The Indian operations of General Motors (NYSE:GM) suffered a decline in sales of 43 percent in May, coming in at the bottom of the table, while its counterpart from Detroit, Ford India, beat all other automakers in the country to clock a 51 percent jump in sales, reports said Tuesday, even as the country's ailing passenger car market showed signs of a weak recovery.
Sales of passenger cars in India fell by 4.65 percent in May, according to The Economic Times, a local business newspaper, which is an improvement over April's numbers when sales fell by 9.5 percent, according to data from the Society of Indian Automobile Manufacturers. The past year has been one of the worst for passenger car sales in India, which fell for the first time in 2013 in almost a decade, as the country has struggled with a slowing economy, stubborn inflation and high interest rates.
“The automobile industry has been passing through challenging times for the past two years as the general economic and consumer sentiments have failed to pick up. Going forward, we hope to see some improvement in the market in the coming months with a new decisive government in place,” P. Balendran, vice president of GM India, said in a statement.
India has also proved a tough market to crack for foreign car makers given its preference for small cars at one end of the spectrum and for crossover sport-utility vehicles, or SUV, at the other end. Maruti Suzuki (BOM:532500), which is the country's largest car maker by sales and has about seven small cars in its portfolios, reported a 16 percent surge in sales over May 2013. In comparison, General Motors India, or GM India, has only three. On the other hand, Ford India has struck gold with its hugely successful Ecosport SUV.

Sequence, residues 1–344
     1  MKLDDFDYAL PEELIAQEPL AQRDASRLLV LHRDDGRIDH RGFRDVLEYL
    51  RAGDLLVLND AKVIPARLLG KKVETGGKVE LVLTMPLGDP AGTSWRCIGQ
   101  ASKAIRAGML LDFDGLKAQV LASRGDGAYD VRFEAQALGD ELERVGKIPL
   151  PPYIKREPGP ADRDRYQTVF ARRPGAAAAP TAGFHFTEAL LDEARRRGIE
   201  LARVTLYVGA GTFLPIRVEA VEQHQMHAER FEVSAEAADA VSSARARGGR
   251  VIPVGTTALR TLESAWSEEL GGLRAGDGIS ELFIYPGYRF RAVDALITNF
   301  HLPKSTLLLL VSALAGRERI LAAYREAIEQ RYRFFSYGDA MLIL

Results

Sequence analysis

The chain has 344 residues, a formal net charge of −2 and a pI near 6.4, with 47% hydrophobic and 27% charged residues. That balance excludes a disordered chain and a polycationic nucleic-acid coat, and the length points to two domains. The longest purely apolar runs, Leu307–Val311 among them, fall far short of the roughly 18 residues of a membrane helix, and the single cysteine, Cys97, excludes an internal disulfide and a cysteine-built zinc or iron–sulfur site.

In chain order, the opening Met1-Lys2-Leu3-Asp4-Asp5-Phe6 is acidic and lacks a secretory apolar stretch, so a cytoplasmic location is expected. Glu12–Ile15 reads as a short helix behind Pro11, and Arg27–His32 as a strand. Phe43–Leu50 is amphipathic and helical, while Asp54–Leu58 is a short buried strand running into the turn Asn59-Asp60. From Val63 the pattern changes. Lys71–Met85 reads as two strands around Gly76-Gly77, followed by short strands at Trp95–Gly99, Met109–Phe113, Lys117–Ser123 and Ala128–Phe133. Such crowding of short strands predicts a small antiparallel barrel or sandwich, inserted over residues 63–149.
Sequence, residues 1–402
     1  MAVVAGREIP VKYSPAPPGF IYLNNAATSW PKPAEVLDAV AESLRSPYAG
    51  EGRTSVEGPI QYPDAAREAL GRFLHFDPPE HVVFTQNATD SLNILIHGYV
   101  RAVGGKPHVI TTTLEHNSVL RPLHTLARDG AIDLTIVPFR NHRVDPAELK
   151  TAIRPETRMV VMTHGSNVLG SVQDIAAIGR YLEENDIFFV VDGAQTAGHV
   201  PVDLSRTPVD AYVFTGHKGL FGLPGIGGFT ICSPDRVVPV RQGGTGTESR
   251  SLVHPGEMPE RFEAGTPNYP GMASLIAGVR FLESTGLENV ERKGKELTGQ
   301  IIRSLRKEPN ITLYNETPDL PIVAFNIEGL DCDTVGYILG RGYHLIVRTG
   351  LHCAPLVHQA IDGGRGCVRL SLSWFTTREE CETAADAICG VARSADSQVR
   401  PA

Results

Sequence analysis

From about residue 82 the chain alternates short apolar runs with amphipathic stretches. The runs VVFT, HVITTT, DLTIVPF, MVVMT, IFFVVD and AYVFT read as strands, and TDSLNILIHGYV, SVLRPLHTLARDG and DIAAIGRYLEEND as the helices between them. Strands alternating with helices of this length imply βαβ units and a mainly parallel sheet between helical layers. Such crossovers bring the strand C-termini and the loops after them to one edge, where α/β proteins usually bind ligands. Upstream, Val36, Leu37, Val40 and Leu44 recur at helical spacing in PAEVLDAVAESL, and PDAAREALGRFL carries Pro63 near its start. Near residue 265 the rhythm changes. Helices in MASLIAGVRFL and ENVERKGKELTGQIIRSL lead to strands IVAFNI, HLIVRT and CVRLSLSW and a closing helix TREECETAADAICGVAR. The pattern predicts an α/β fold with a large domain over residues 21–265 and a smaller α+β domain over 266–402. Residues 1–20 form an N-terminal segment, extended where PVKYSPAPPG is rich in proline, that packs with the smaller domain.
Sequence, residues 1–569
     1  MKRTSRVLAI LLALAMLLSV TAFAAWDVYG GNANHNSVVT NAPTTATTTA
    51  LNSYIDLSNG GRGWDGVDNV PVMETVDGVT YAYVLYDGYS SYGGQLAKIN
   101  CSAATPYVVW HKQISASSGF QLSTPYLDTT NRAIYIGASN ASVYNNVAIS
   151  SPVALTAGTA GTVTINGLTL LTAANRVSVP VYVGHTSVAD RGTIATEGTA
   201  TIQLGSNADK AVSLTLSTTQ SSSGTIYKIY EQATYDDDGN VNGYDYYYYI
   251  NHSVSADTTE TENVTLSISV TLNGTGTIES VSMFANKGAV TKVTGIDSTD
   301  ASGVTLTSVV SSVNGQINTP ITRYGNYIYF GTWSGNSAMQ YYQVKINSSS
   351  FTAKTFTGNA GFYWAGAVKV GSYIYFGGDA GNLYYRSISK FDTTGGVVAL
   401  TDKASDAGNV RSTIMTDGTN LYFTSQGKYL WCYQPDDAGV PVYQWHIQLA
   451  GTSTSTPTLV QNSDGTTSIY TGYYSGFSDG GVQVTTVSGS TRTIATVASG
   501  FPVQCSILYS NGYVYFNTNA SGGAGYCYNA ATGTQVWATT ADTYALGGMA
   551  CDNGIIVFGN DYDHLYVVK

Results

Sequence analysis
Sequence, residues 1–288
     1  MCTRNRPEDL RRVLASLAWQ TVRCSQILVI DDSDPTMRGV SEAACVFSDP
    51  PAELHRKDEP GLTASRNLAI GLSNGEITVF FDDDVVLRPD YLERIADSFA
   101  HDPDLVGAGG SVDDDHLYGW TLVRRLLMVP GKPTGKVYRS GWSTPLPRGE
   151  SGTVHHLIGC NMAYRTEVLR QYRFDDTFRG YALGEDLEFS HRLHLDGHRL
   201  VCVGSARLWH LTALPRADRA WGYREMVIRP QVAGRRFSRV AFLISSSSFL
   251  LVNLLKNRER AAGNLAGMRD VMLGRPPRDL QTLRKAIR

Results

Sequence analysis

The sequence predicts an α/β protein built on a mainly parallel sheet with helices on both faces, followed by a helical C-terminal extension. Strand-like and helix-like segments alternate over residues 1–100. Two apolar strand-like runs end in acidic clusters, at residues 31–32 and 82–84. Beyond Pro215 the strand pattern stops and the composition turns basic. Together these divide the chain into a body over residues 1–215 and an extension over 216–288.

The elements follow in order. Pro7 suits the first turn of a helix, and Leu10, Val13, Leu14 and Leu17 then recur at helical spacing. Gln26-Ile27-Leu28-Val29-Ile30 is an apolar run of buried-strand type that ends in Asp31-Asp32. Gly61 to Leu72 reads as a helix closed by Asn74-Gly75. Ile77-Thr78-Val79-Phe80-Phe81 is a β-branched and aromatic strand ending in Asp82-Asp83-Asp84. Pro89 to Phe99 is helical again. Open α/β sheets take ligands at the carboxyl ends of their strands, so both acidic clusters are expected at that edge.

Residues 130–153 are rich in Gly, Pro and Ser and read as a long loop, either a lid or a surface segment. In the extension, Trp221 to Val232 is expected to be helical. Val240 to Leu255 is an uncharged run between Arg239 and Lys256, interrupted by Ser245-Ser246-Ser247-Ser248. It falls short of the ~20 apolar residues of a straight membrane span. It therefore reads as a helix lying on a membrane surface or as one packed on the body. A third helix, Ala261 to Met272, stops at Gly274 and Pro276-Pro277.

"If GM is struggling in India, it's because it has been bringing in products designed for overseas markets," V.G. Ramakrishnan, managing director at Frost & Sullivan, said according to ET.
Global companies also have had to change their products to suit the current tax regime, which is highly favorable for cars smaller than 4 meters in length, which usually sell for less than 400,000 rupees ($6,755) and account for more than 70 percent of the Indian market.
"It (the regulation) forces global players to adapt their products to the Indian market," Wilfried Aulbur, managing partner of Roland Berger Strategy Consultants, said according to The Economic Times, adding: This implies significant investments, which, at present, not every large manufacturer is willing to make. In turn, volume opportunities get constrained."
Manufacturers, however, expect a revival of sales in 2014 as consumer sentiment improves with the election of the pro-reform government led by Narendra Modi, and as inflation is gradually brought under control by the policies of the country's central bank.
“Considering the steep drop in passenger car sales we saw in 2013, even marginally better sales will translate into big volume gains. Hence some uptick is not surprising,” Deep Mukherjee, a senior director at India Ratings and Research, the local arm of Moody’s Investors Service, said according to Mint, a business newspaper.